The American West of the 1930s and 1940s was still a place of prospectors, cowboys, ranchers, and mountaineers, one that demanded backbreaking, lonely, and dangerous work. Still, midcentury pioneers such as David Lavender remembered “not the cold and the cruel fatigue, but rather the multitude of tiny things which in their sum make up the elemental poetry of rock and ice and snow.” And as the nation exhausted its gold and silver veins, as law reached the boomtowns on the frontier, and as the era of the great cattle ranches and drives came to an end, Lavender felt compelled to document his experiences in rugged southwest Colorado to preserve this rapidly disappearing way of life. One Man’s West is Lavender’s ode to his days on the Continental Divide and the story of his experiences making a living in the not so wild but not yet tamed West. Like stories told around a campfire, One Man’s West is captivating yet conversational, incredible yet realistic, and introduces some of the most charming characters in western literature. This new Bison Books edition features an introduction and afterword by the author’s son that discuss other phases and facets of his father’s remarkable life, as well as a tribute to the author by his grandson. It also includes nine new photographs from the Lavender family archives.
About the Author
David Lavender (1910–2003) was a historian of the American West whose many books include The Way to the Western Sea: Lewis and Clark across the Continent, Westward Vision: The Story of the Oregon Trail, and Bent’s Fort, all available in Bison Books editions. David G. Lavender is the author’s son and David W. Lavender is the author’s grandson.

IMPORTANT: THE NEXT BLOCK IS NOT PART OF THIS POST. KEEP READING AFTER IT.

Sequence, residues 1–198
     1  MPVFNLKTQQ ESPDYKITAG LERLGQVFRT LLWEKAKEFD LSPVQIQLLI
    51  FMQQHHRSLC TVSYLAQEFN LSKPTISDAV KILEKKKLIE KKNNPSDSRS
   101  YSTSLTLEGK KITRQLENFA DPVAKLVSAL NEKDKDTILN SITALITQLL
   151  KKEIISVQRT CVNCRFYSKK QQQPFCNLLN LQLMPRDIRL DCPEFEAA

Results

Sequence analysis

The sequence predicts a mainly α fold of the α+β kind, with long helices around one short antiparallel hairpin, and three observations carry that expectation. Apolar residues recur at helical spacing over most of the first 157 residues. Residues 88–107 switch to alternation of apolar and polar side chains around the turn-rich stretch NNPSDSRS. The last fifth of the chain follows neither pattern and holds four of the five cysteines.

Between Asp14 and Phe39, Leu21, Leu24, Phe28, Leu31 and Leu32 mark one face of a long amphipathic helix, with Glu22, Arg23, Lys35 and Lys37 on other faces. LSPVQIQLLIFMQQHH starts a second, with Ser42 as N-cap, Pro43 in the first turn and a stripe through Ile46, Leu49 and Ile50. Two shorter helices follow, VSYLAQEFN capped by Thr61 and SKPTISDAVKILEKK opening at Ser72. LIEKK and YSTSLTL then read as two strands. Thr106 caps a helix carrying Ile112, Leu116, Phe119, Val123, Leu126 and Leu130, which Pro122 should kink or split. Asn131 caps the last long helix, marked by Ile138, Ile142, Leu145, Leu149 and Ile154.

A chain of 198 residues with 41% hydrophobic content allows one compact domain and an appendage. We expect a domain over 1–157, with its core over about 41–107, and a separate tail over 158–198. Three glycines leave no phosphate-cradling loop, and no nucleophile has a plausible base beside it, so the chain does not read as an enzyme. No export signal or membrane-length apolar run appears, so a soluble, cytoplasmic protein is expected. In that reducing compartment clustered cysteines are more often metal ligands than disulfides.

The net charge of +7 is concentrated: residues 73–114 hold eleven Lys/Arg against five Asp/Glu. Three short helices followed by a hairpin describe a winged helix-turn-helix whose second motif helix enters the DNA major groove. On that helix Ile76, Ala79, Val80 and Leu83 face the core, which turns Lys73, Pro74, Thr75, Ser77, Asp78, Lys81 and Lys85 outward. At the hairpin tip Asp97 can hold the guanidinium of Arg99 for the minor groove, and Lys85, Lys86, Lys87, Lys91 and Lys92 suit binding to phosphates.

“One Man’s West is a silver knife that slices through time. We should be grateful David Lavender had the acumen to record his memories of that time and to Bison Books for keeping them in print.”—Colorado Central Magazine
"Believe me, David Lavender can write. He can make you laugh; he can make people come alive in print."—Book Week
“[Lavender’s] story is realistic and readable. . . . He [does not] spread any gloss on the hardships. He does, however, put on record some of the most engaging characters in the modern literature of the West. He makes it understandable why he says that, after damning the country mightily, one comes to an absurd affection for the particular part of it he has most reason to hate.”—New York Times
“A true classic. . . This is a book worth reading. It is also worth revisiting, if you have already ‘been there.’ This edition is enhanced by an introduction by David G. Lavender, the author’s son, and an afterword by David W. Lavender, his grandson.”—Journal of Arizona History